Construction was in full swing in the years after the Great Depression as many projects were built using funds from the Works Progress Administration and many builders steered design and architecture in a modern direction. . Tuscaloosa received funds from the WPA, which resulted in one of its most unusual architectural treasures, the Bama Theater and the Town Hall building.
In the 1930s, before the appearance of multiplexes, movie palaces were popular sources of entertainment, providing a break from the stress of the times. These “palaces” had only one cinema screen and were much more decorative and ornate than modern theaters. They were also sometimes built by the city rather than by private owners – Tuscaloosa even had a theater manager on the city’s payroll.
In 1937, the city of Tuscaloosa proposed an unusual project – a combined theater and municipal building. Although it no longer houses the Town Hall, the Bama Theater building is still a hub of local entertainment. The building, which still bears a relief of an eagle and the words “City Hall”, is now listed on the National Register of Historic Places.
According to Melissa Brown in a Alabama Encyclopedia article, the city’s local theaters director, Cecil B. Grimes, was responsible for the creation of a new cinema in 1937, although he was in charge of operating three existing theaters, the Diamond, the Ritz and the original Bama, which was renamed the Druid.
“Construction of the 1,200-seat cinema began in April 1937 as part of a town hall and municipal theater joint venture that would eventually include a city clerk’s office and three storefronts,” Brown wrote. . The theater would also serve as the city’s auditorium.
The design was the work of Birmingham architect David O. Whilldin, who created a modern facade in a style that had replaced the classical Greek and Gothic styles, according to Robert DeWitt in a story by the Tuscaloosa News.
âStripped of the ornamentation that adorned previous styles, Whilldin’s Modern Art design looked sleek and clean like an aero locomotive,â DeWitt wrote.
BamaTheater.org describes the facade: âThe exterior of the building conforms to this design line with its horizontal emphasis and simplified details. Whilldin used elements found in Roman architecture such as tondos, faux tapestries, the eagle carved above the entrance to the town hall, and the rounded facade above the entrance to Bama , but in a simple form. The rounded facade is in limestone and the panels between the windows are in granite, both superimposed on a brick veneer.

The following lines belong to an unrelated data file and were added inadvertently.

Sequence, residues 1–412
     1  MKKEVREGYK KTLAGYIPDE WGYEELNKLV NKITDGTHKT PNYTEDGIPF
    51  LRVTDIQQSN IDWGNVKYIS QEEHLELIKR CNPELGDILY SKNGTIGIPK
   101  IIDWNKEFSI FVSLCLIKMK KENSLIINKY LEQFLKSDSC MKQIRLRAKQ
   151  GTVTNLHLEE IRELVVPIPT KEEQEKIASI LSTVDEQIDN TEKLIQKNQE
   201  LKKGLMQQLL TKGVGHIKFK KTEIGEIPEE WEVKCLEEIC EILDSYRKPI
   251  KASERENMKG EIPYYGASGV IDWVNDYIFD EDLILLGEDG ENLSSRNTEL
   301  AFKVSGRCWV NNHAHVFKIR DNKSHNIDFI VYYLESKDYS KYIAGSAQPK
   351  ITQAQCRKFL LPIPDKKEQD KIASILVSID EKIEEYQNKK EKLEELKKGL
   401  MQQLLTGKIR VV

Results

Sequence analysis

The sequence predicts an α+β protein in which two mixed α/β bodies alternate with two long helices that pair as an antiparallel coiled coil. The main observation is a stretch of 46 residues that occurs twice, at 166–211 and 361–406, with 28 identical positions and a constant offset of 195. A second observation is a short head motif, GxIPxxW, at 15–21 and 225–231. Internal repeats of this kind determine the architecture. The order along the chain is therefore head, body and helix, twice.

It was also the first building in the city to be temperature controlled. âThe new complex was the city’s first public building with a true air conditioning system,â the theater website said. “It regulates temperature and humidity and filters the air.”
The theater cost $ 200,000 to complete, including WPA and city funds.
The inauguration took place on April 12, 1938 and began with a parade led by the Million Dollar Band at the University of Alabama. The first film screened was “Bringing Up Baby”, starring Katherine Hepburn and Cary Grant.
The interior wowed the guests. BamaTheater.org said: “The interior, placed in a class of theaters labeled ‘atmospheric’, was designed by Whilldin as a Mediterranean palace during the Italian Renaissance.” The ceiling featured clouds with small lights to resemble the night sky.
The interior also featured “false balconies, terracotta tiles, cherub plaques and a small alabaster fountain”, BamaTheater.org noted. âA scenographer, Navino Nataloni, painted the celotex panels under the archesâ¦ The murals are painted to appear in three dimensions with objects in the background lighter and, therefore, more distant from the viewer.